Which is worse – physical or psychological pain? And which is worse, going through a time of intense suffering, or the anticipation of that suffering – knowing for certain that it’s going to happen and being powerless to escape it; simply having to wait like a death-row criminal the day before execution?
On balance, I’d say emotional and psychological pain are often worse than physical, and that anticipation of unavoidable suffering is often a worse torment than the actual event. On either count then, Maundy Thursday evening may have been at least as bad for Jesus as Good Friday itself.
The sheer physical agony of the cross is hard for most of us to imagine or identify with, let alone share (though from my limited experience of watching childbirth, I’d hazard a guess that labour-pains might come close). But the emotional agony of Maundy Thursday is perhaps equal in scale, and it’s something we can more easily identify with.
First there’s the solitary anguish of anticipation, alone in the garden, begging for a fast-impending fate to be taken away, knowing deep down that it cannot be. Then there’s the pain of betrayal by a close companion, someone who you’ve shared all of life with for three years – and betrayal by a kiss, that bitterest of ironies. Hard on the heels of that, there’s being abandoned and deserted by all your other friends in your hour of need, and having one of your closest friends deny publicly that they ever knew you, just to save their own skin. And that’s all before the terrible travesty of a trumped-up trial, and the start of the mockery and brutality that will culminate in crucifixion. And all the way through, a terrible kind of total aloneness.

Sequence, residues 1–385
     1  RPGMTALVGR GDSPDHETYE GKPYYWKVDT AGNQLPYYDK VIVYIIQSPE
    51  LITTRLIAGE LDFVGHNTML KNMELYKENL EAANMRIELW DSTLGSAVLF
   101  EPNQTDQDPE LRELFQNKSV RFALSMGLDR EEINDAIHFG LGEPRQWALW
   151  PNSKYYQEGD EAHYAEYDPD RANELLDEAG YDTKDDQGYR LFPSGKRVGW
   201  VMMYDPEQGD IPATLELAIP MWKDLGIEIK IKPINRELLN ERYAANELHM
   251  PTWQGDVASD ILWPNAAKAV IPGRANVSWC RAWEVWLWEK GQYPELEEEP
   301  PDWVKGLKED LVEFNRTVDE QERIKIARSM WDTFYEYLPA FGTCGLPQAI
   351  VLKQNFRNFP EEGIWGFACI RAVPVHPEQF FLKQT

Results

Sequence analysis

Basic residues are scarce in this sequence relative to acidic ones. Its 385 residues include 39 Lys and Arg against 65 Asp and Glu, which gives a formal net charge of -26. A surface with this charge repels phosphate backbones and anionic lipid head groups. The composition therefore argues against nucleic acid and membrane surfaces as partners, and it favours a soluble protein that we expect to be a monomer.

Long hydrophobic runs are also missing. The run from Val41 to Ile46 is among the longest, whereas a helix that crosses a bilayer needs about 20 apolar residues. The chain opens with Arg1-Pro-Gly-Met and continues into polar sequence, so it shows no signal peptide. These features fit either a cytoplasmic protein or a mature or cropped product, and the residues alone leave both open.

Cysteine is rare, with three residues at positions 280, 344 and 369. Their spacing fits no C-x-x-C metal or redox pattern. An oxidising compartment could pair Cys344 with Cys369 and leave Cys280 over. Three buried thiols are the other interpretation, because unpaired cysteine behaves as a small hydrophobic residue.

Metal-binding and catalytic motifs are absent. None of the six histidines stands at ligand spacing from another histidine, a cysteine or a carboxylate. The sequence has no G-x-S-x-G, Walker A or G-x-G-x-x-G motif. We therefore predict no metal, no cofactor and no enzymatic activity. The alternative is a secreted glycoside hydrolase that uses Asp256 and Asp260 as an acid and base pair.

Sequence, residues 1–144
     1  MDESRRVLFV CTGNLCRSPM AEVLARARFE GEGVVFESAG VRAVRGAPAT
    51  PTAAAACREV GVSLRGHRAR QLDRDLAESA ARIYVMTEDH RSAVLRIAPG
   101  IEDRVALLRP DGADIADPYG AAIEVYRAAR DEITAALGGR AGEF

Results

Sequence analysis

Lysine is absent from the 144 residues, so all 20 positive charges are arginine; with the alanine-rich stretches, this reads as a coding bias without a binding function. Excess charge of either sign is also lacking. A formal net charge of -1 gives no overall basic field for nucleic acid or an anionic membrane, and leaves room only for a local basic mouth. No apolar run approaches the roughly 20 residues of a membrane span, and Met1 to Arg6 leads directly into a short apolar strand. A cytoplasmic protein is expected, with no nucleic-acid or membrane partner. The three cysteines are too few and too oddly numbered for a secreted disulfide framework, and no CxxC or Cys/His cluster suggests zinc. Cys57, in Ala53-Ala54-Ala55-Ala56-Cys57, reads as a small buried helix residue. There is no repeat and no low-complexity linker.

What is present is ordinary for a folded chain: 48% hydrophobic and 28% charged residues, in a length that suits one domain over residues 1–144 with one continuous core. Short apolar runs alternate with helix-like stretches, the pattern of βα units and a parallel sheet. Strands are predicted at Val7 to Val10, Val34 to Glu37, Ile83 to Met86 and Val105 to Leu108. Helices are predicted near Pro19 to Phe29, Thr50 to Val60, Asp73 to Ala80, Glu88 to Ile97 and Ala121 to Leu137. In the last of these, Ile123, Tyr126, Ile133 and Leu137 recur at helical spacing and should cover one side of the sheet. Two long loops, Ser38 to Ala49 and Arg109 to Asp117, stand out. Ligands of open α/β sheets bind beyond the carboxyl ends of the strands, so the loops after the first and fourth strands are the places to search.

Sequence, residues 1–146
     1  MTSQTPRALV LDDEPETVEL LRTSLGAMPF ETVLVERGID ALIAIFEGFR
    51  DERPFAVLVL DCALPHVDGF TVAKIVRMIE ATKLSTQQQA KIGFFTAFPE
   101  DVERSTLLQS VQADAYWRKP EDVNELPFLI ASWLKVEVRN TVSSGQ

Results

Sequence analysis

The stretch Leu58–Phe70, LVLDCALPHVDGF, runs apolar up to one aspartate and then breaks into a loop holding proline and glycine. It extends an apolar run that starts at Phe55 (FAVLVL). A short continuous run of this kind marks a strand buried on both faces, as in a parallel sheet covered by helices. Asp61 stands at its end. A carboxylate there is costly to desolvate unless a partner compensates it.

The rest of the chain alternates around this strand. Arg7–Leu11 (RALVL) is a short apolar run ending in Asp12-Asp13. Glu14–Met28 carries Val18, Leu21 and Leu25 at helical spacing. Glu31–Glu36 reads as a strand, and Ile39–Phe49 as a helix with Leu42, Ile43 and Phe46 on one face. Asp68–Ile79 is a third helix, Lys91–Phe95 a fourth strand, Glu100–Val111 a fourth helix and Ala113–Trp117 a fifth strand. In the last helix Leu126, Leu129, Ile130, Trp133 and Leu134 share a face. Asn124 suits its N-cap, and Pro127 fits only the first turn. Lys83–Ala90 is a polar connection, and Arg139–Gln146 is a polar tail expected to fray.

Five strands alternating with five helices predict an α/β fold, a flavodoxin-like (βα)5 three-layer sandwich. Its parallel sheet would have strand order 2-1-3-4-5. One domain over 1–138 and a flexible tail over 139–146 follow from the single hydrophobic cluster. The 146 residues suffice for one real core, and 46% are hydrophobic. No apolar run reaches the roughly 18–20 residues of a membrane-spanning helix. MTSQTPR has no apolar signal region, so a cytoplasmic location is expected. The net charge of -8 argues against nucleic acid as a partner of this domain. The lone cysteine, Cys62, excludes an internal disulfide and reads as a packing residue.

Jesus had known from the start how his ministry must end; had been preparing for Good Friday since his baptism in the Jordan. But maybe nothing could have prepared him for the night before; the night when, alone on his knees and sweating in torment of soul he prayed that the cup of suffering might be taken from him. Perhaps never was Jesus so clearly human as at this moment. Those who know the lightlessness of the dark night of the soul stand in the best of all company, for Jesus has known it too.
And in the end he could bring himself to utter that hardest prayer of all: ‘yet not my will but yours be done’. The die is cast; the betrayer approaches; the dark shadow of the cross has started to fall, blotting out what remains of the light.